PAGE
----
Starstruck: A Memoir of Astrophysics and Finding Light in the Dark
In a beautifully written, science-packed, and inspirational memoir, Egyptian-American astrophysicist Sarafina El-Badry Nance shares how she boldly carved out a place in the field of astrophysics, grounding herself in a lifelong love of the stars to face life’s inevitable challenges and embrace the unknown.
As a child, Sarafina El-Badry Nance spent nearly every evening with her father gazing up at the flickering stars and pondering what secrets the night sky held. The daughter of an American father and Egyptian mother who both pushed her toward academic excellence, Sarafina dreamed of becoming an astronomer and untangling the mysteries of the stars overhead. But it wasn’t long before she was told, both explicitly and implicitly, that girls just weren’t cut out for math and science.
In Starstruck, Sarafina invites us to consider the cosmos through fascinating science lessons to open each chapter. But she also traces more earthbound obstacles—of misogyny and racism, abuse and intergenerational trauma, anxiety and self-doubt, cancer diagnoses and recovery—she faced along the way. As her career and passion for space brought her from UT Austin to UC Berkeley, and even to a Mars astronaut simulation in Hawai’i, Sarafina learned how to survive—and ultimately thrive—in a space that was seldom welcoming to women, and especially not to women of color.
Honest and empowering, Starstruck sits at the intersection of the study of our cosmos—itself constantly changing—and the transformative experience of embracing resilience to pursue one’s passion.
Praise for Starstruck: A Memoir of Astrophysics and Finding Light in the Dark
“Fascinating memoir…Nance [is] a passionate advocate for science literacy, cancer prevention, her fellow Arab Americans, and women in science. Readers will be intrigued by these topics and more, and inspired by the young scientist who brings them to life.” —Booklist
"Nance is all about making space feel accessible and personal through education and engagement. Should help STEM-curious readers feel less alone in the universe." —Philadelphia Inquirer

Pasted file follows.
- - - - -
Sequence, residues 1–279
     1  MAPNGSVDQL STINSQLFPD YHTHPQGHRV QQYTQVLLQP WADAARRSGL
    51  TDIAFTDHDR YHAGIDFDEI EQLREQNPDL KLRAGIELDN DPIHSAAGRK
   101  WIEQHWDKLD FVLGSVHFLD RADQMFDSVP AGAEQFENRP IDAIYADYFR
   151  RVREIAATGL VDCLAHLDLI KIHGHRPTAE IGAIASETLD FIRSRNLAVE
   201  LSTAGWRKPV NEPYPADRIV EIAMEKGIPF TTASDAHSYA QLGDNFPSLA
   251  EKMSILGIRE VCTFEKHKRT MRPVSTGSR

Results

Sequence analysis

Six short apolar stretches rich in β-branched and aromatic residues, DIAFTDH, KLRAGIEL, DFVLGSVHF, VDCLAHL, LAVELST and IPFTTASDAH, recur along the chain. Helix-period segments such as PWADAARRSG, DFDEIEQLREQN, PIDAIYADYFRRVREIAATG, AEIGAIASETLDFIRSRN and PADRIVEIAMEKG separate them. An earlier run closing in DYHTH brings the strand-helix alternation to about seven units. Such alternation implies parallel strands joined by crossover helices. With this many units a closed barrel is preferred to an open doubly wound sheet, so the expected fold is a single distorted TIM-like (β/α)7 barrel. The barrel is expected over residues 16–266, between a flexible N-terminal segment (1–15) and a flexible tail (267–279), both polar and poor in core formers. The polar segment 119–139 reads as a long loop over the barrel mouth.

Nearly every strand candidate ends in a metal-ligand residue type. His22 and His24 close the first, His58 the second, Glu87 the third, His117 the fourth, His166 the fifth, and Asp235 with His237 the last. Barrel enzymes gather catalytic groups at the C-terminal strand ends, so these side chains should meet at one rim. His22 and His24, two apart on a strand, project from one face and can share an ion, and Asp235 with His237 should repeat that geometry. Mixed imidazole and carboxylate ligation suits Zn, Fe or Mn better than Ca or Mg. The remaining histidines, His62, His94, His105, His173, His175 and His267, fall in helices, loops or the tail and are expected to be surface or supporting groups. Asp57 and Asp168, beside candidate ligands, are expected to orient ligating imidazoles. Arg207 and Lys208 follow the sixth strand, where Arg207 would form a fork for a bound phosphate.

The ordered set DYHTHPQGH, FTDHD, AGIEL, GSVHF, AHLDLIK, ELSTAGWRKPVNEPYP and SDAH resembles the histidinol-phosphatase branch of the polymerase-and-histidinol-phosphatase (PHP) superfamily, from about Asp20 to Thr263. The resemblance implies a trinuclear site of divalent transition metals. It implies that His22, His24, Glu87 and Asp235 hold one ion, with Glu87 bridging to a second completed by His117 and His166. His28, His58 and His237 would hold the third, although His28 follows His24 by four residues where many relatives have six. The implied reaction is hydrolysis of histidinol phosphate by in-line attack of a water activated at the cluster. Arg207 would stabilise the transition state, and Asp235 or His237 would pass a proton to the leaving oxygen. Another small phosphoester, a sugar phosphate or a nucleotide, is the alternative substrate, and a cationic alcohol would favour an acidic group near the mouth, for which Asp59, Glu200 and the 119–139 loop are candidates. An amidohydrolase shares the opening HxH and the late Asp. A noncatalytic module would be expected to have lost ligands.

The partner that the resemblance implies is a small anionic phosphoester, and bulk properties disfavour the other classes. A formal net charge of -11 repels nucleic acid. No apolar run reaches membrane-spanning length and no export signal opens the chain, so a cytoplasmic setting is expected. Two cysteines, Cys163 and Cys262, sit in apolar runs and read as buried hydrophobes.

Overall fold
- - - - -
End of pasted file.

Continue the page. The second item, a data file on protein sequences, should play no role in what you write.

“Thanks to Nance’s genius for clear explanations, I understand how, with pressure and time, suns are created. How fitting, then, to be learning of Nance’s own journey: the dark pressures of childhood, the molten hot passion for science, and the way these forces combined to make the brilliant light that is Sarafina Nance. A star is born!” —Mary Roach, New York Times bestselling author of Fuzz and Packing for Mars
“Sarafina Nance’s story is utterly unique, but universal at the same time. It’s about having a dream—in this case, to devote one’s life to investigating the mysteries of the universe—and pursuing it in the face of incredible obstacles. The best book you will ever read about growing up to be a scientist.” —Sean Carroll, New York Times bestselling author of The Biggest Ideas in the Universe: Space, Time, and Motion
“Starstruck is a warm, poignant, heartfelt, and deeply moving exploration of what it means to come of age in this universe.”—Sasha Sagan, author of For Small Creatures Such as We
“Nance weaves together poetic aspects of the astrophysical universe with her own lived traumas and triumphs, producing a memoir like none I’ve ever read. A powerful reminder that scientists are very human, and science a very human endeavor. The universe doesn’t care about our personal traumas, but Nance still finds hope and a means to reflect on her own life by looking to the stars. After reading this, perhaps you will, too.” —Phil Plait, author of Under Alien Skies: A Sightseer’s Guide to the Universe
“Nance’s vulnerability and lyrical prose shine on the page like the stars she studies. She has artfully woven together honest vignettes of her life with loving descriptions of the universe. Reading Starstruck made me wish I loved space half as much as Nance clearly does.” —Moiya McTier, author of The Milky Way: An Autobiography of Our Galaxy
“With breathtaking intimacy and fearlessness, Sarafina shows us how life—just like the massive stars she studies—can undergo periods of turbulence: violent and messy, but also beautifully transformative. I was enchanted by the joy of discovery and inspired by her resilience.” —Alexi Pappas, author of Bravey: Chasing Dreams, Befriending Pain, and Other Big Ideas